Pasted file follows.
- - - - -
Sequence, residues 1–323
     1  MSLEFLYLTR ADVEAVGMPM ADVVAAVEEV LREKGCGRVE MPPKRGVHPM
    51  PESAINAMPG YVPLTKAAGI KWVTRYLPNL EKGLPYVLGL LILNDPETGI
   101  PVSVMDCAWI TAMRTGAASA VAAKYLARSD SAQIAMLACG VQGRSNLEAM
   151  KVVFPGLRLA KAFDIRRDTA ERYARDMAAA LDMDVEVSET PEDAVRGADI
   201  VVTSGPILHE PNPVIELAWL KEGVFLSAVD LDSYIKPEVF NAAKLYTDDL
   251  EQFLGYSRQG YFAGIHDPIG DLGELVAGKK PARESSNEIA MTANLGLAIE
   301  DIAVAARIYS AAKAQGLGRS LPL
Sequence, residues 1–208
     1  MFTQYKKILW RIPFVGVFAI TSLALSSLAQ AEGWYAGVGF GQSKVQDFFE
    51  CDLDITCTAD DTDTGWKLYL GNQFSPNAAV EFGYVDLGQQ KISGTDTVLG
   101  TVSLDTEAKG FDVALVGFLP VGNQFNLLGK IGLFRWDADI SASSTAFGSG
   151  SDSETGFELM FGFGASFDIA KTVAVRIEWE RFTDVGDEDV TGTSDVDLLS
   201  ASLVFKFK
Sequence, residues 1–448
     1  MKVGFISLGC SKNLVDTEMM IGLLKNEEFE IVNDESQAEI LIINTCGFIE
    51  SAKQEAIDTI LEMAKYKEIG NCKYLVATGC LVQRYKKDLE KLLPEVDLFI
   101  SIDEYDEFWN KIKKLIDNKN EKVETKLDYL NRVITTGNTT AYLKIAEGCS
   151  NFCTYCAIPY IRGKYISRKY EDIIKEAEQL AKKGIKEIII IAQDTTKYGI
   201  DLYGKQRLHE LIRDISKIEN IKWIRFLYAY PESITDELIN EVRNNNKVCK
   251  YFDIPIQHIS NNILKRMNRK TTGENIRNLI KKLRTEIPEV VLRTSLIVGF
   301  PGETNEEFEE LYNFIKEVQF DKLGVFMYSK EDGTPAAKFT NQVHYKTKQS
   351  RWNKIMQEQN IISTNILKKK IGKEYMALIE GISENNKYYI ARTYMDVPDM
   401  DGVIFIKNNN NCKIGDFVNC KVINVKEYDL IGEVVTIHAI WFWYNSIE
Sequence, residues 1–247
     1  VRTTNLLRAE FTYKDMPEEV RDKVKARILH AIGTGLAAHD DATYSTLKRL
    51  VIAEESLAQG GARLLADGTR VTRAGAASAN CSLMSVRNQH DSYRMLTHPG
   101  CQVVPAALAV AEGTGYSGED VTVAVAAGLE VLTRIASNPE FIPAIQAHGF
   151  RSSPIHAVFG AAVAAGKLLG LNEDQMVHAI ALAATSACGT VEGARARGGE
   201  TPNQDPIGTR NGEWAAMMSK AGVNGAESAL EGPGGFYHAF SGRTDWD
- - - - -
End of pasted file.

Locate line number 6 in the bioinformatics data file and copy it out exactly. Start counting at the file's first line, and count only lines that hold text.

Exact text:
   201  VVTSGPILHE PNPVIELAWL KEGVFLSAVD LDSYIKPEVF NAAKLYTDDL